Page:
SpaceX Crew Dragon's Test Mission Ends With Successful Splashdown in the Atlantic

By George Dvorsky on at

SpaceX’s new commercial astronaut capsule, the Crew Dragon, has completed its first test flight, falling into the Atlantic Ocean on Friday morning.

The Crew Dragon splashed down at 8:45 a.m. ET, landing at precisely the anticipated time, give or take a few seconds. Indeed, the Demo-1 mission—an important test of NASA’s revamped commercial crew programme—went exactly as planned, signifying an important milestone for the United States as it strives to regain its ability to independently send astronauts into space—something it hasn’t been able to do since the days of the Space Shuttle Programme.

The Crew Dragon during atmospheric re-entry. Image: NASA

The uncrewed Dragon launched from the Kennedy Space Centre on March 2 aboard a SpaceX Falcon 9 rocket, docking with the International Space Station 27 hours later. The ISS crew spent some time monitoring the spacecraft before re-closing the hatch yesterday. At 2:32 a.m. ET Friday, the Crew Dragon undocked from the ISS and its thrusters placed it onto its final re-entry path into Earth’s atmosphere. Re-entry began around 8:30 a.m., followed by the parachute-assisted splashdown some 15 minutes later. SpaceX’s Go Searcher recovery ship participated in retrieving the capsule.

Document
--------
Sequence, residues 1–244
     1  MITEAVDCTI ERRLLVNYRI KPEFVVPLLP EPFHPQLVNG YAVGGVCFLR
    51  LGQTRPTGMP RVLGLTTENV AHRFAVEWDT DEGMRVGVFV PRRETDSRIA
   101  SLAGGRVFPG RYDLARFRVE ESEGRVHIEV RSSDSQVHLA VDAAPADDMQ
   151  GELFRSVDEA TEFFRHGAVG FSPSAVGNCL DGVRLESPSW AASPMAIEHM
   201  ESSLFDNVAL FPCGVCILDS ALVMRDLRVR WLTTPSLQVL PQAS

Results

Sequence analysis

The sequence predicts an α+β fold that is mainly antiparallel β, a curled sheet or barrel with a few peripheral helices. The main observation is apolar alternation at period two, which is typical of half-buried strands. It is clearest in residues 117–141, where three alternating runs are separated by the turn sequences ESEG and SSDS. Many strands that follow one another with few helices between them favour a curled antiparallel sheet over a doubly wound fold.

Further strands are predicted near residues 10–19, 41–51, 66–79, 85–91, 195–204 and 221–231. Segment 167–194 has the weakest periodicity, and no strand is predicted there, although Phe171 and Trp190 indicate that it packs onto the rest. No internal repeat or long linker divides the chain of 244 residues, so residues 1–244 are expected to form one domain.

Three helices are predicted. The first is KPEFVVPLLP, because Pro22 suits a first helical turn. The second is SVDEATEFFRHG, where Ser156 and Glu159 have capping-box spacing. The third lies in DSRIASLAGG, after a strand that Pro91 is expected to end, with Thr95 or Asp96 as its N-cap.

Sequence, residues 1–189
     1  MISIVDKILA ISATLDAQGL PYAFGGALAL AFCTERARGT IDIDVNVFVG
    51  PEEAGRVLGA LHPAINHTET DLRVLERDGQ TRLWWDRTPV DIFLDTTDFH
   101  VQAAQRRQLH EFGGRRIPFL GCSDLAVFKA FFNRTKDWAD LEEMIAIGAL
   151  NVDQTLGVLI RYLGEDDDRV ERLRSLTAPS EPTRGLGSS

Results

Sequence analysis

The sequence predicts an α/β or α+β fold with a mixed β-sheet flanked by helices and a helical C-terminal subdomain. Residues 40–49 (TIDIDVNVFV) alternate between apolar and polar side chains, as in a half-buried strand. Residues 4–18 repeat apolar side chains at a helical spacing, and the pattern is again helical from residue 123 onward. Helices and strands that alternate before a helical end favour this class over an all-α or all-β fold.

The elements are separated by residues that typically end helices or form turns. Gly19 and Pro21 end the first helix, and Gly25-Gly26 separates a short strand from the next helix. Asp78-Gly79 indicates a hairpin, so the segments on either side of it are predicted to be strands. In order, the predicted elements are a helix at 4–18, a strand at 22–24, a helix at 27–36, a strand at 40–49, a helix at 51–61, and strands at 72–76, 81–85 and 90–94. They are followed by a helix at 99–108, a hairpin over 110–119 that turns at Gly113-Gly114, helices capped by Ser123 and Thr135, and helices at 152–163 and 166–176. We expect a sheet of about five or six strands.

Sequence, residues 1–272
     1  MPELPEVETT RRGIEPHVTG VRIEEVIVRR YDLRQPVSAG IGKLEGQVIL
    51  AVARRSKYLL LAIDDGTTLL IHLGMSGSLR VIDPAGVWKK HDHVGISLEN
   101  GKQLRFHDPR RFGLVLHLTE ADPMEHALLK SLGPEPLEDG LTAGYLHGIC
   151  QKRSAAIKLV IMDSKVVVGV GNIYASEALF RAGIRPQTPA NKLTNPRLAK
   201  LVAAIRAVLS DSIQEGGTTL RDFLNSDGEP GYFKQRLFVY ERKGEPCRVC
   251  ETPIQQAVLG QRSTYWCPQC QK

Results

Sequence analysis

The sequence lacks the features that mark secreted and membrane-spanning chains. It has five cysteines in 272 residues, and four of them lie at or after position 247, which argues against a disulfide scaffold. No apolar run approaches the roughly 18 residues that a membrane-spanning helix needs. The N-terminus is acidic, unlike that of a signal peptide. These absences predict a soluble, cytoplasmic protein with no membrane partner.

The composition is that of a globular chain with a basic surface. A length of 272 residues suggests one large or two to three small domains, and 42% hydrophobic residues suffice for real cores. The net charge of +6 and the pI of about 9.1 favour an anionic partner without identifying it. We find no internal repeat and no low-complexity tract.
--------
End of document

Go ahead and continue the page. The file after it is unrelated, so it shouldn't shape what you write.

“Today’s successful, splashdown of the SpaceX Demo-1 Crew Dragon capsule after its mission to the ISS marked another milestone in a new era of human spaceflight,” NASA administrator Jim Bridenstine wrote in a tweet. The commercial crew programme “is one step closer to launching American astronauts on American rockets from American soil,” he tweeted.

The Demo-1 mission now complete, SpaceX and NASA will carefully analyse the capsule to assess its performance, particularly to see how it may have been affected by the launch and re-entry. Assuming all went well, an abort test of the Crew Dragon will happen in June, followed by the Demo-2 test, in which the capsule will deliver two NASA astronauts, Bob Behnken and Doug Hurley, to the ISS. [NASA]